Most people do not think that yoga and mindfulness are activities that today's youth are interested in; however, I have discovered while in schools and in the community with the Global Education Center that it is quite the contrary. Many of the young people that we serve are curious about yoga in many ways.
I decided to become a yoga teacher because I found that it was something that I needed for myself and wanted to share with people who had stories similar to mine. The practice of yoga for me is all about listening and observing what is happening on the outside as well as what's happening on the inside.
Through the Global Education Center, I received training from Little Flower Yoga, which honed my skills to help even the youngest children to be more mindful of themselves and their surroundings through movement, breath and focus. I have also enjoyed training educators and Davidson County Juvenile Court personnel on the finer points of helping students learn to refocus themselves and maintain self-control through the many facets of yoga.
While out in the community, in area schools and the Juvenile Detention Center with Global Education Center, I have witnessed firsthand the need and desire from youth, from preschoolers to teens, to be more reflective, calm, and observant. I take great joy in sharing yoga and mindfulness in the many different communities because most young people do not expect to hear a Black man talking about breathing, being mindful, or even letting them know that they are special just the way they are.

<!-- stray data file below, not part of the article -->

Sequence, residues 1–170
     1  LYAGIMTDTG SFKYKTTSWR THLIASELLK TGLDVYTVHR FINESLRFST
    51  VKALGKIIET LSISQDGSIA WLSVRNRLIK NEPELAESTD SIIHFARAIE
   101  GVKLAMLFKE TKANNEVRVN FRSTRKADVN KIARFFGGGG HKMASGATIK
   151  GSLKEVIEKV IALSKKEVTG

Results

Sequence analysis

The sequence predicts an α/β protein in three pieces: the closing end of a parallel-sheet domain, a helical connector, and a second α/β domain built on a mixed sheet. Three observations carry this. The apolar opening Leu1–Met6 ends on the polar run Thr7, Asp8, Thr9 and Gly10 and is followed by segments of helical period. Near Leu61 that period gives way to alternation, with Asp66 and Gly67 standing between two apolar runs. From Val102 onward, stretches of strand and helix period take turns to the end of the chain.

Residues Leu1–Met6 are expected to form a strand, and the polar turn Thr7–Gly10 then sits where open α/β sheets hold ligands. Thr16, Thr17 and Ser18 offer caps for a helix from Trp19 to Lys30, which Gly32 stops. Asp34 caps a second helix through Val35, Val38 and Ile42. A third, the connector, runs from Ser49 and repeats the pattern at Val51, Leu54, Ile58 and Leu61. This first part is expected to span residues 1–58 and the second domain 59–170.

We live in such fast and crazy times where, if we don't take time to slow down, listen, observe, and reflect, we all too often become so overwhelmed that we cannot function to our highest abilities. Yoga does not stop the troubles of the world; it just allows us to see them for what they are and gives us the power to respond in a way that is healthy for us. While I am enjoying my presence with the kids, I often wish that I had been exposed to yoga at their age.